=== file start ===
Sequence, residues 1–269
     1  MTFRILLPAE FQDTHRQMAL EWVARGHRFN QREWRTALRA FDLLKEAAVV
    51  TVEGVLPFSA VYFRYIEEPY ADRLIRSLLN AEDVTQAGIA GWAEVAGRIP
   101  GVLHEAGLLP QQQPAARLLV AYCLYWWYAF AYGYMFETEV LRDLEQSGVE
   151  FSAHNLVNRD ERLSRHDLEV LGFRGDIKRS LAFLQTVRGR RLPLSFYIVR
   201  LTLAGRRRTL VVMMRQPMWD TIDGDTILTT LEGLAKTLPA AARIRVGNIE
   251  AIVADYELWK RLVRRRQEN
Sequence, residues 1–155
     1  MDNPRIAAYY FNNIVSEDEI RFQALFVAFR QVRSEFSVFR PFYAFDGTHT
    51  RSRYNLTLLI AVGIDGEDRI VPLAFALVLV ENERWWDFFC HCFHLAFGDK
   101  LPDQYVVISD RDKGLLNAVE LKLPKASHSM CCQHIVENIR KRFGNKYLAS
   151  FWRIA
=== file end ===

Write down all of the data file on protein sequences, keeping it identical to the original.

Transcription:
Sequence, residues 1–269
     1  MTFRILLPAE FQDTHRQMAL EWVARGHRFN QREWRTALRA FDLLKEAAVV
    51  TVEGVLPFSA VYFRYIEEPY ADRLIRSLLN AEDVTQAGIA GWAEVAGRIP
   101  GVLHEAGLLP QQQPAARLLV AYCLYWWYAF AYGYMFETEV LRDLEQSGVE
   151  FSAHNLVNRD ERLSRHDLEV LGFRGDIKRS LAFLQTVRGR RLPLSFYIVR
   201  LTLAGRRRTL VVMMRQPMWD TIDGDTILTT LEGLAKTLPA AARIRVGNIE
   251  AIVADYELWK RLVRRRQEN
Sequence, residues 1–155
     1  MDNPRIAAYY FNNIVSEDEI RFQALFVAFR QVRSEFSVFR PFYAFDGTHT
    51  RSRYNLTLLI AVGIDGEDRI VPLAFALVLV ENERWWDFFC HCFHLAFGDK
   101  LPDQYVVISD RDKGLLNAVE LKLPKASHSM CCQHIVENIR KRFGNKYLAS
   151  FWRIA